Reducing member 60 includes a proximal cylindrical sleeve portion 61 and a tapered portion 72. Tapered portion 72 is frusto-conical and proximally tapered to proximal transition portion 74. Proximal transition portion 74 is tapered distally and extends between the proximal end of tapered portion 72 and the distal end 63 of proximal sleeve portion 61. A distal transition portion 76 extends between the distal end of tapered portion 72 and end member 66. Distal transition portion 76 is cylindrical in size and shape and approximates the same size and shape as proximal sleeve portion 61.
As shown in
The operation of reducing instrument 10 to engage an anchor and seat a connecting member in the anchor will be described with reference to
Cup portion 132 includes a lower opening through which a bone engaging portion 133 of the anchor 129 extends for engaging a bony portion of the spinal column. The head of the bone engaging portion 133 is seated in cup portion 132 below passage 136. The head portion can be pivotally received in cup portion 132 to allow receiver member 130 to assume any one of a plurality of positions relative to bone engaging portion 133 at least prior to engagement of connecting member 120 in passage 136. The bone engaging portion 133 can be a bone screw with an enlarged head in cup portion 132 and a threaded shaft extending through the lower opening of receiver member 130. Other embodiments contemplate other forms for the anchor, including a hook type bone engaging portion and mono-axial arrangements between the receiver member and the bone engaging portion.
After engagement of the anchor 129 to the bony portion, connecting member 120 is positioned adjacent receiver member 130. It is contemplated that a number of anchors 129 can be positioned and engaged along the spinal column, and connecting member 120 can be engaged in the receiver member of one of the anchors. Due to misalignment of the vertebrae, misalignment of the receiver members of the anchors, or other conditions, connecting member 120 cannot be easily or readily positioned seated in receiver member 130. For example, it may be desired to seat connecting member 120 against a seat 140 in receiver member 130, against the head of the bone engaging portion, or against a cap or other device between the bone engaging portion and the connecting member.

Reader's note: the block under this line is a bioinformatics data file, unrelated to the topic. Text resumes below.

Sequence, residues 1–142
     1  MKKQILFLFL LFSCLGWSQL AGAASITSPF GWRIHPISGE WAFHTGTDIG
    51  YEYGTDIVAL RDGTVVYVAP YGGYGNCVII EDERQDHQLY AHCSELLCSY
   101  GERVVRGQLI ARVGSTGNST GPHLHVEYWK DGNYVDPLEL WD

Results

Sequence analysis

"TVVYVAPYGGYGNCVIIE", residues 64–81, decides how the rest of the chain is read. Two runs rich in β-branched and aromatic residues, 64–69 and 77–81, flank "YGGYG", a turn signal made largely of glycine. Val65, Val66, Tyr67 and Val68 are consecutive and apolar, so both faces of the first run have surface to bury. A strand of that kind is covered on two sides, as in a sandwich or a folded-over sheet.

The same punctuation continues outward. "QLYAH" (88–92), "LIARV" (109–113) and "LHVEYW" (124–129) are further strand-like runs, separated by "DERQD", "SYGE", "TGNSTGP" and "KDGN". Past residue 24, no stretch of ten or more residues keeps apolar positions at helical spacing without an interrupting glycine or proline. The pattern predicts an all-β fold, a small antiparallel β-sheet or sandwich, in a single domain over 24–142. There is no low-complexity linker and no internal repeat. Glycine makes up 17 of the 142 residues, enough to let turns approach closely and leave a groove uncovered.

Reducing instrument 10 can be pivoted about receiver member 130 to align longitudinal axis 11 of reducing instrument 10 with axis 131 extending between arms 134, as shown in
As shown in
When connecting member 120 is secured in receiver member 130, locking arm 36 can be released by depressing extension 34. This rotates release arm 32 and thus locking arm 36 away from first handle 20, and releasing teeth 42 from engagement with second handle 50. Second handle 50 is then free to pivot from its
The anchors and connecting member may be positioned in or along one or more parts of the spine, including the cervical, thoracic, lumbar and/or sacral portions. Although the use of reducing instrument 10 is described in the above context, reducing instrument 10 could be used with a variety of screws, hooks or other fixation implants, or in connection with orthopedic implants in parts of the body other than the spine.
As with other types of orthopedic surgery, an incision is made and access is gained to the surgical site. The approach to the surgical site can be an open approach, i.e. a relatively long incision with retraction of underlying tissue, or can be a minimally invasive approach, i.e. a relatively short incision with implants and tools inserted through retractors or directly through the incision to the surgical site. The reducing instrument disclosed herein can be used in either approach, or with other surgical techniques. It is noted that a relatively narrow distal end of reducing instrument 10 and its pivotal coupling arrangement with the anchor facilitates applications in minimally invasive surgery.
After access to the surgical site has been obtained, anchors such as those including a receiver member 130 are inserted into bone tissue. Such anchors may be pre-fitted with receiver member 130 or other receiver member embodiment, and such anchors typically include a bone engaging portion and a channel for accommodating part of connecting member 120. Such receiver members may also be placed on or over such anchors after engagement of the anchors into bone. A connecting member is inserted into the surgical site, and placed adjacent one or more of the anchors. If not already present, receiver members 130 may be loosely placed on the connecting member prior to insertion of the connecting member to the surgical site. The anchors and connecting member are manipulated so that a part of the connecting member is in or near the each of the anchors.